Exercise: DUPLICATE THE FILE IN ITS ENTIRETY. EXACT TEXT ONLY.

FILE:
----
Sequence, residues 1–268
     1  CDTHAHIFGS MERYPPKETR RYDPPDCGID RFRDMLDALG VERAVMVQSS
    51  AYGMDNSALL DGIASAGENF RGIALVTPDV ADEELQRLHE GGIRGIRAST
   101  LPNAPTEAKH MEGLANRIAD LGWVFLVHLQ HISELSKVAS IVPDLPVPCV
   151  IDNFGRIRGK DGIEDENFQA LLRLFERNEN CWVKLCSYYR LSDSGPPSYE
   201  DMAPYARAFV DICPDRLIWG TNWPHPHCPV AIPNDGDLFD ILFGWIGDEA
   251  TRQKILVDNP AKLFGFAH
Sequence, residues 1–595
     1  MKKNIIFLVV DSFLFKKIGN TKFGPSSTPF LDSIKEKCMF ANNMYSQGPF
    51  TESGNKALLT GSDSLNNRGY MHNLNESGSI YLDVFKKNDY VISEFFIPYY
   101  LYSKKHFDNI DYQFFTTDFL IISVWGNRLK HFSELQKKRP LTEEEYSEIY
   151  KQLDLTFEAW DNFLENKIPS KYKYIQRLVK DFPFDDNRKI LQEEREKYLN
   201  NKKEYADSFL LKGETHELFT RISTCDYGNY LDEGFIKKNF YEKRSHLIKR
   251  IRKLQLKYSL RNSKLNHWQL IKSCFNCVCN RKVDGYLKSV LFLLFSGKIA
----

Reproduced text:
Sequence, residues 1–268
     1  CDTHAHIFGS MERYPPKETR RYDPPDCGID RFRDMLDALG VERAVMVQSS
    51  AYGMDNSALL DGIASAGENF RGIALVTPDV ADEELQRLHE GGIRGIRAST
   101  LPNAPTEAKH MEGLANRIAD LGWVFLVHLQ HISELSKVAS IVPDLPVPCV
   151  IDNFGRIRGK DGIEDENFQA LLRLFERNEN CWVKLCSYYR LSDSGPPSYE
   201  DMAPYARAFV DICPDRLIWG TNWPHPHCPV AIPNDGDLFD ILFGWIGDEA
   251  TRQKILVDNP AKLFGFAH
Sequence, residues 1–595
     1  MKKNIIFLVV DSFLFKKIGN TKFGPSSTPF LDSIKEKCMF ANNMYSQGPF
    51  TESGNKALLT GSDSLNNRGY MHNLNESGSI YLDVFKKNDY VISEFFIPYY
   101  LYSKKHFDNI DYQFFTTDFL IISVWGNRLK HFSELQKKRP LTEEEYSEIY
   151  KQLDLTFEAW DNFLENKIPS KYKYIQRLVK DFPFDDNRKI LQEEREKYLN
   201  NKKEYADSFL LKGETHELFT RISTCDYGNY LDEGFIKKNF YEKRSHLIKR
   251  IRKLQLKYSL RNSKLNHWQL IKSCFNCVCN RKVDGYLKSV LFLLFSGKIA